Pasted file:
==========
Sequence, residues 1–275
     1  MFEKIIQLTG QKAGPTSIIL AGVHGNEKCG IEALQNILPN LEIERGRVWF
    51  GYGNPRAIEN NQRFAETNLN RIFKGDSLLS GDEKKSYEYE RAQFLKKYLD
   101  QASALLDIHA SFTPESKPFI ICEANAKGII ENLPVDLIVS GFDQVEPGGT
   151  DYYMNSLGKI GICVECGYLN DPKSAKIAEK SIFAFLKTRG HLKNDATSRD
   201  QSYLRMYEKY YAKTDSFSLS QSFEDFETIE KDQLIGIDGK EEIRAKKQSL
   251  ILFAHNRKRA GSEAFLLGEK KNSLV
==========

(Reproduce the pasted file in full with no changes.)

Sequence, residues 1–275
     1  MFEKIIQLTG QKAGPTSIIL AGVHGNEKCG IEALQNILPN LEIERGRVWF
    51  GYGNPRAIEN NQRFAETNLN RIFKGDSLLS GDEKKSYEYE RAQFLKKYLD
   101  QASALLDIHA SFTPESKPFI ICEANAKGII ENLPVDLIVS GFDQVEPGGT
   151  DYYMNSLGKI GICVECGYLN DPKSAKIAEK SIFAFLKTRG HLKNDATSRD
   201  QSYLRMYEKY YAKTDSFSLS QSFEDFETIE KDQLIGIDGK EEIRAKKQSL
   251  ILFAHNRKRA GSEAFLLGEK KNSLV